Friday, March 18, 2016

Race My Brain On Race in the Netherlands

The card lay on the countertop. “Who is that for?”

“The French girl who fell last week.” I hadn’t been to the stables for months. I couldn’t place her.  That wasn’t the dark girl, was it then, because I had seen her at the lunch in December but she wasn’t French. Wait what was I going to ask? Something about the dark girl?

My brain on racism: I had seen the dark girl, fluffy hair, and thought - how nice a new rider, and a dark girl, and….uh, why is this important her skin color?  Does this really matter?  Why am I thinking about this? Why is it so exceptional that a dark woman is riding a horse?  It’s not, lots of riders all over the world with different skin colors, but somehow I have been conditioned to think that this is “special” and I must be generous and kind….and condescending.  I hate myself this way. I am sure she does not get up in the morning saying, “I am going to take my deep skin pigment to the stables and ride a horse along with some white people.”

Of course, we have all seen the slogan, “Black Lives Matter” but then the reverse, a photo of a very dark man wearing a tee shirt with the words written on it “White Lies Matter” suddenly showed up on my FB scroll. How often have I listened to acquaintances, friends, and family remark, joke, talk about black people.  Even my non-Caucasian friends make comments about fundamental differences in human appearances.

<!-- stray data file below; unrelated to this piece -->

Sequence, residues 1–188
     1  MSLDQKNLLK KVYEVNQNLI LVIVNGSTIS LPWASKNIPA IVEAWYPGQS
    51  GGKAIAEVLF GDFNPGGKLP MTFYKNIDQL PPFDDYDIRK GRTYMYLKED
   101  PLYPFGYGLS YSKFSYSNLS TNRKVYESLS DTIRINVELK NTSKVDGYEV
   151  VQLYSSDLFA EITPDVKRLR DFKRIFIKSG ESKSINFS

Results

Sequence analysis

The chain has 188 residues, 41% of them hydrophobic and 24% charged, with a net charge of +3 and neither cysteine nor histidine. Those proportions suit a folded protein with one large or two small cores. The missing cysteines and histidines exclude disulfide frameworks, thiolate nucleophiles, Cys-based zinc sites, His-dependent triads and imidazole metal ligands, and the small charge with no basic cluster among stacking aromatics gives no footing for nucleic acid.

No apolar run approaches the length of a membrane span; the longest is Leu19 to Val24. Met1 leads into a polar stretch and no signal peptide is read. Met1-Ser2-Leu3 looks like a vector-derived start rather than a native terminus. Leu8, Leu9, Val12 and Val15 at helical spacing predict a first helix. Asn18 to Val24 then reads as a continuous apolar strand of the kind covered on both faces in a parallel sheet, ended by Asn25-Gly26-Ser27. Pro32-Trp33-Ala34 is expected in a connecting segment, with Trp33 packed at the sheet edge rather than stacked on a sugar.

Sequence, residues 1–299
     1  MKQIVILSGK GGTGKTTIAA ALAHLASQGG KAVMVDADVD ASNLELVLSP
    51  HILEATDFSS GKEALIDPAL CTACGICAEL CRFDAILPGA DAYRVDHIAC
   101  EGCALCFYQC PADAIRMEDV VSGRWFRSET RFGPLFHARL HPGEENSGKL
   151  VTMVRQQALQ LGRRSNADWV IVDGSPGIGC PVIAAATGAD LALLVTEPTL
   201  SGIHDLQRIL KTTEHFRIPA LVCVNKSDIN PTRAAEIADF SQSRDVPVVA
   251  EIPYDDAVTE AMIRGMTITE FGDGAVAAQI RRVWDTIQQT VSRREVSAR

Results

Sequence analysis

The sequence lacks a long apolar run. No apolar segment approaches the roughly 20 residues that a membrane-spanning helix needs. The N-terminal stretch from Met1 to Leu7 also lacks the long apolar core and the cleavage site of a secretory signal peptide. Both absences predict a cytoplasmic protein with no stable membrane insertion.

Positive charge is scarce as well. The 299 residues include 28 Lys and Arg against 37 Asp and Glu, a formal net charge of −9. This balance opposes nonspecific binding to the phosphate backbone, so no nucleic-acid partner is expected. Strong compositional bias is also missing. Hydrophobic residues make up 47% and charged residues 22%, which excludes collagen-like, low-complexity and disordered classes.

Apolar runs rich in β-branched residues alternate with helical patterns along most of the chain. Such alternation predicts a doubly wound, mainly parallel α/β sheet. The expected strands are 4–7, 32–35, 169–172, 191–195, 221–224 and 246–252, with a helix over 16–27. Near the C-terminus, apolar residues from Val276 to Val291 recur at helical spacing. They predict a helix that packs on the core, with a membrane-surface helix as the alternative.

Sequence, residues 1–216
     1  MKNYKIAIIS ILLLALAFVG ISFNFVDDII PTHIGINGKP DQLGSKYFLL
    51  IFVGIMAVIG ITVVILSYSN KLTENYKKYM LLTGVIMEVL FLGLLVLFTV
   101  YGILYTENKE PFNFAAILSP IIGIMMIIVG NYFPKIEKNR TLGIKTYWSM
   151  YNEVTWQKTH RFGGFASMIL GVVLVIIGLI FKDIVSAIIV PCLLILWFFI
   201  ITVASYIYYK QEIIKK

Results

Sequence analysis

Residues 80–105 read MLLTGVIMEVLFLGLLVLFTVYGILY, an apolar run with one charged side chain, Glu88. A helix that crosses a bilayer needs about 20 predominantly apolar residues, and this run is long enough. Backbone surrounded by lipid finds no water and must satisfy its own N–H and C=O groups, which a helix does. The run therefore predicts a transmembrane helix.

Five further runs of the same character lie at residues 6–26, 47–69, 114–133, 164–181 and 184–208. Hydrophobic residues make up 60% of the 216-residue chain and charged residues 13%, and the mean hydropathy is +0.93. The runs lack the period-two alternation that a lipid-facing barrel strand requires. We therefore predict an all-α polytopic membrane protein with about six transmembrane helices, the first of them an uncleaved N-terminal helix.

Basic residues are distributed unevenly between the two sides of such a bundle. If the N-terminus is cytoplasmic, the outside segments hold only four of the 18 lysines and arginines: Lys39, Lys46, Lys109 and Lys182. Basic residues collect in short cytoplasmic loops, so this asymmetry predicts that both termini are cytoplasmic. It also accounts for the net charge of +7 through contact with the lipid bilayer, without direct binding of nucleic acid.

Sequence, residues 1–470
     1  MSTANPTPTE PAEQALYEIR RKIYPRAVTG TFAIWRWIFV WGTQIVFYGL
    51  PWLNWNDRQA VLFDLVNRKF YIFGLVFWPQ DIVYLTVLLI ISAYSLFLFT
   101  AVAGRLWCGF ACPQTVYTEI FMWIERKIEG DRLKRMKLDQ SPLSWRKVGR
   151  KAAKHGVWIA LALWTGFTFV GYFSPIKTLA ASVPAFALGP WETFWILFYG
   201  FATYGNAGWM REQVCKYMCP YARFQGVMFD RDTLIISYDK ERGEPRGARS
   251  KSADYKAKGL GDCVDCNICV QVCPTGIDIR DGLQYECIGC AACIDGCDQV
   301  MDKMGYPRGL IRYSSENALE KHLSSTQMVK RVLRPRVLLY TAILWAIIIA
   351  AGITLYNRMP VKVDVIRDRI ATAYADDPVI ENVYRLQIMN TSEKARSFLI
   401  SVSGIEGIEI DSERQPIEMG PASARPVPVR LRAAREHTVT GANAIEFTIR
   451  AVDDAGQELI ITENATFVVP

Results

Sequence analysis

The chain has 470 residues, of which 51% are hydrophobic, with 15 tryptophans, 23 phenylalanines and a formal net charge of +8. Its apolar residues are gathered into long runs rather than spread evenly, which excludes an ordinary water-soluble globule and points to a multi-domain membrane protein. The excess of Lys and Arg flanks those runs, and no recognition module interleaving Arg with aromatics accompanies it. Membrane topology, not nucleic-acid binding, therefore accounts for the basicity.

My step grandfather told me a joke once.  “You don’t find it funny,” he said kindly looking over to me, understanding that my generation did not find it funny.  My generation, humph, I am moving into the old and nearing older.  

“White Lies Matter” reminds me of the time I was hired in Paris by the president of a major cosmetic concern to nanny his daughter.  I was one of a series of British, Irish and American nannies.  When I left, I recommended a friend to replace me. “She’s half Japanese,” I said.  My employer literally recoiled. “But she’s also upper class British and has aristocratic ties.” Well, that was all right then.  Pedigree helps.

Recently I was informed that some years previously a person of color had applied for a position in an office where I have worked.  He was categorically refused an interview by upper management despite his qualifications. “But I would have not minded,” the human resource manager stated with a bright smile.

“Pepper spray,” a new expat mentioned to me a month ago after his spouse related her metro ride to her first day at work in Amsterdam, “She was the only white person in the metro. I think I will get her a bottle of pepper spray. Every woman had one on her person in South Africa.”

But not in Holland.  After he made this statement, the entire company present did that polite Dutch thing.  Non-confrontational tolerance. There was a silence, then a polite query, “Pepper spray? No, that’s not something typical here.”

White Lies Matter.

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